Libya’s ruling presidential council suspended the county’s chief diplomat Saturday, accusing her of not coordinating foreign policy with the council.
The three-member body, which serves as Libya’s president, also barred Foreign Minister Najla Mangoush from traveling abroad pending an investigation into what it described as monopolization of foreign policy, according to a decree by the council.
A spokesperson for the council did not elaborate circumstances behind the decision.
There was also no immediate comment from the minister.
Saturday’s decision came more than six weeks before the scheduled elections.
The vote Dec. 24 still faces other challenges, including unresolved issues over the country’s elections laws and occasional fighting among armed groups. Other obstacles include the deep rift that remains between the country’s east and west and the presence of thousands of foreign fighters and troops.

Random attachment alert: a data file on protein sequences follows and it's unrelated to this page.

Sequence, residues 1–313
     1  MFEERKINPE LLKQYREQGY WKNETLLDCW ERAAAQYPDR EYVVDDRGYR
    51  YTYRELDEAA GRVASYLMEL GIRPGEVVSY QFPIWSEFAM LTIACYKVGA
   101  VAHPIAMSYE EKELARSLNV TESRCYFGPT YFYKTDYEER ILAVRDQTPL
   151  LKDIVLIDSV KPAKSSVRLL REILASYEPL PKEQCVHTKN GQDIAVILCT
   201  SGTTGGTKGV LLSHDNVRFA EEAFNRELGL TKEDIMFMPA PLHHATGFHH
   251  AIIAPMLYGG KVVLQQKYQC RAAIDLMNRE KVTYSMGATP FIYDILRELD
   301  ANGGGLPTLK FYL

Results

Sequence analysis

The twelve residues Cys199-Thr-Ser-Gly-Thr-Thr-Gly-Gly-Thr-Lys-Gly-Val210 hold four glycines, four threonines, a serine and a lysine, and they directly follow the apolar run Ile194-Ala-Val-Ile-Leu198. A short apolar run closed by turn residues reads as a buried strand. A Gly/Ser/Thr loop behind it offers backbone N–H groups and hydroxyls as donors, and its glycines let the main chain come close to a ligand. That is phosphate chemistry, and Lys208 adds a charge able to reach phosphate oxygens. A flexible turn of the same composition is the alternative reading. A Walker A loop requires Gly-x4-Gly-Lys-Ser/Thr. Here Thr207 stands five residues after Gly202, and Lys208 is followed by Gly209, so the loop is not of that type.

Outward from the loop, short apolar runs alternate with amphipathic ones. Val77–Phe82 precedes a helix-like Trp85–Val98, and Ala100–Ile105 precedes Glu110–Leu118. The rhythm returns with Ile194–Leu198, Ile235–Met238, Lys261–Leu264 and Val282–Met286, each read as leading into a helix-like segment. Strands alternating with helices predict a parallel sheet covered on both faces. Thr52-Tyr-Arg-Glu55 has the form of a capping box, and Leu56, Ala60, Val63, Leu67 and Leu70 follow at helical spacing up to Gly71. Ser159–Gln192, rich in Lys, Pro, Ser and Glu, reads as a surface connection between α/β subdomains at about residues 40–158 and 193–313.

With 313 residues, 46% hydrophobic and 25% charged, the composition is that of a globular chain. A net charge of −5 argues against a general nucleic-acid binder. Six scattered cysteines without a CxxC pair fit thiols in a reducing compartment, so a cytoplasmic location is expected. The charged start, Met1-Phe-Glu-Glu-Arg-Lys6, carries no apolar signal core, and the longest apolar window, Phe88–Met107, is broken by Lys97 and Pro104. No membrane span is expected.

Libya has been engulfed in chaos since a NATO-backed uprising toppled longtime leader Moammar Gadhafi in 2011. He was captured and killed by an armed group two months later.
The oil-rich country was for years split between rival governments, one based in the capital, Tripoli, and the other in the eastern part of the country. Each side is backed by different foreign powers and militias.
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